Suitability of an Asset Protection Trust - Sykes Elder Law

Certified as an elder law attorney by the National Elder Law Foundation under authorization of the Pennsylvania Supreme Court

Certified as an elder law attorney by the National Elder Law Foundation under authorization of the Pennsylvania Supreme Court

When, and for whom, is it the right choice?

In the past, trusts were seen primarily as a means of transferring wealth from high net worth clients to their loved ones.

 In recent years, innovations in trust planning have made them useful in the estates of middle-class clients. They are now used to protect estates from being lost due to the effects of living longer, having diminished capacity, and spending more years being vulnerable and ill.

Asset protection trusts can help to avoid loss to the costs of long-term care, as well as potential lawsuits, scams, undue influence, and other dangers.

Like most estate planning tools, an asset protection trust is a powerful tool in the right circumstances, but certainly not appropriate for everyone. An experienced elder law attorney should know the situations in which it works best.

 An ideal candidate is often an elderly person, or married couple, who has accumulated a fair amount in assets and wishes to protect the estate from the various dangers just discussed, but is not typically high net worth. It is best if the person is healthy enough to be likely to get through the next five years without needing skilled care in a nursing facility, or in the alternative, has long-term care insurance to help get through a Medicaid look-back period.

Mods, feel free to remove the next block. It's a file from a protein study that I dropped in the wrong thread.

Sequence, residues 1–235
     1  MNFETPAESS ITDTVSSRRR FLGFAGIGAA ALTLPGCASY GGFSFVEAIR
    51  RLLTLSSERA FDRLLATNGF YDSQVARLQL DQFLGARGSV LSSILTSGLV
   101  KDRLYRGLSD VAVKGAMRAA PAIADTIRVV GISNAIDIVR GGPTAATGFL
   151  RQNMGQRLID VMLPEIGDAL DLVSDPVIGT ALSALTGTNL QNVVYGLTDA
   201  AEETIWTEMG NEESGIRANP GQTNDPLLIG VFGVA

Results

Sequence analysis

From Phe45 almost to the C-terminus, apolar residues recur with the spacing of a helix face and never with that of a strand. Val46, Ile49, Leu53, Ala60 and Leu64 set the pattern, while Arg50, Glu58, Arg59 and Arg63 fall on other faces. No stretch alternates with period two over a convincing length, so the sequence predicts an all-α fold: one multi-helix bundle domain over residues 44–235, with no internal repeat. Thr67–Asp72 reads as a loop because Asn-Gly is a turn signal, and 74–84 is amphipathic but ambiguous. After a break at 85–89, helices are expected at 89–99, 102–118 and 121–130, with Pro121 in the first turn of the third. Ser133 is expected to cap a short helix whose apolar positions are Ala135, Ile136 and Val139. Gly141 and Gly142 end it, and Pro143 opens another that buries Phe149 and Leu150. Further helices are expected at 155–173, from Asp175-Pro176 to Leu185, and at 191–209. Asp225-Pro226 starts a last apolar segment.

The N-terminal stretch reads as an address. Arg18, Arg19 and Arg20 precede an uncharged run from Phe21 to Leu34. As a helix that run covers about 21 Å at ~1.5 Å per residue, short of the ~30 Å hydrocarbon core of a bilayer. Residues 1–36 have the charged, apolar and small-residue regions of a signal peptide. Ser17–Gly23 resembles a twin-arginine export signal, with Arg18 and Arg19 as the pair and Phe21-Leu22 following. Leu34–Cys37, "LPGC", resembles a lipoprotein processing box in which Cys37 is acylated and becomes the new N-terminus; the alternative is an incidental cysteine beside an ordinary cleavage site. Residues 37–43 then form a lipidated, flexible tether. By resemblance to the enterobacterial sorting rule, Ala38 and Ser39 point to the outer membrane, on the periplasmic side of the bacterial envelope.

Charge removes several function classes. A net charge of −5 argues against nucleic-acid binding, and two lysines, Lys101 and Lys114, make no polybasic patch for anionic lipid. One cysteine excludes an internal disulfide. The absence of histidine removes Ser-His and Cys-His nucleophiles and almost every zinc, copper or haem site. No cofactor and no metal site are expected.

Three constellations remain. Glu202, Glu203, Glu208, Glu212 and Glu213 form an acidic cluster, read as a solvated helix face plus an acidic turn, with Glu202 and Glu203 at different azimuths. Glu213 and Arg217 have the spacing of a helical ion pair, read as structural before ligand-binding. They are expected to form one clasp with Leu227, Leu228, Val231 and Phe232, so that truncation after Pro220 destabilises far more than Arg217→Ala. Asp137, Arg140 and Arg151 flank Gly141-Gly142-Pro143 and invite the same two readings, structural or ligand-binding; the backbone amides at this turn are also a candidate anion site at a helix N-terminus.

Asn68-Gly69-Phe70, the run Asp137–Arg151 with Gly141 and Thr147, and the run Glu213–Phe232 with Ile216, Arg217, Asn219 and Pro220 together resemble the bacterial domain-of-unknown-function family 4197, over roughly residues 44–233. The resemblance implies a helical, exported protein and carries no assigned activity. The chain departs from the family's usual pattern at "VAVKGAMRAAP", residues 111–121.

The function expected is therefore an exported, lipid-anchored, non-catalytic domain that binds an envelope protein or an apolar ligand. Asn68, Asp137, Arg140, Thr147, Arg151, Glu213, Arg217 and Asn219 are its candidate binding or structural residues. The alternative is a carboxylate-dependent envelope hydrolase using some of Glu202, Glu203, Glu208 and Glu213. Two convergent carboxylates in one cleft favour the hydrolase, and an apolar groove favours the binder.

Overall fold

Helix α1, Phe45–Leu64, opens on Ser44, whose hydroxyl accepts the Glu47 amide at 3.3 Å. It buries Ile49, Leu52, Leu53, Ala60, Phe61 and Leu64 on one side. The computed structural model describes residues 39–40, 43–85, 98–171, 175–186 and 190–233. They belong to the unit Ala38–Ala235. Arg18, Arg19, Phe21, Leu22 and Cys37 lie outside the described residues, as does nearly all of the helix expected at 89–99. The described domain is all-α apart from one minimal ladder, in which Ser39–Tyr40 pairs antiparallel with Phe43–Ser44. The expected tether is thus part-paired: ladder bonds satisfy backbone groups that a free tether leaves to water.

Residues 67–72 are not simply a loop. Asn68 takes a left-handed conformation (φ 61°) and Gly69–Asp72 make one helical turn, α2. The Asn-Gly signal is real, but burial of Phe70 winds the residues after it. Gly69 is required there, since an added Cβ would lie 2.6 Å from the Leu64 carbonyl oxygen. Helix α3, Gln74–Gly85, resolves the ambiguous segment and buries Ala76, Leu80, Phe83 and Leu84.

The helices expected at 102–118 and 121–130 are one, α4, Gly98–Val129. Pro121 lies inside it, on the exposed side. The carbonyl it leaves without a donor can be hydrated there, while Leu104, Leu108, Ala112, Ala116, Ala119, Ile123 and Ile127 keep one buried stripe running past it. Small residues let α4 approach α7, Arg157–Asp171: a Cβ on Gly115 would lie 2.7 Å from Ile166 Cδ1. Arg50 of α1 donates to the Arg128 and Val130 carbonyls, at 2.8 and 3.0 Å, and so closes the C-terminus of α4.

Also important are the types of assets a client owns. If much of the estate is held in qualified retirement funds, adverse tax consequences may make the trust unsuitable. On the other hand, a house, investment fund, savings, and other assets not required to fund living expenses can be perfect for asset protection using a trust.

 Family dynamics also affect suitability. An ideal candidate for an asset protection trust has close, trustworthy family members to name as trustees, successor trustees, and beneficiaries. The trust may last for a number of years, and these family members can play an important part in making sure that the trust achieves its purposes. Unexpected circumstances may arise, and require modification, or even termination, of an asset protection trust. Family harmony will help in navigating rough waters.

 There are other factors that affect suitability of an asset protection trust, but these of the factors most commonly considered.

 At our regularly held workshops, we discuss asset protection trusts in detail. Attending a workshop will help you learn more about how a trust can protect you and your family, and provide a more secure future.


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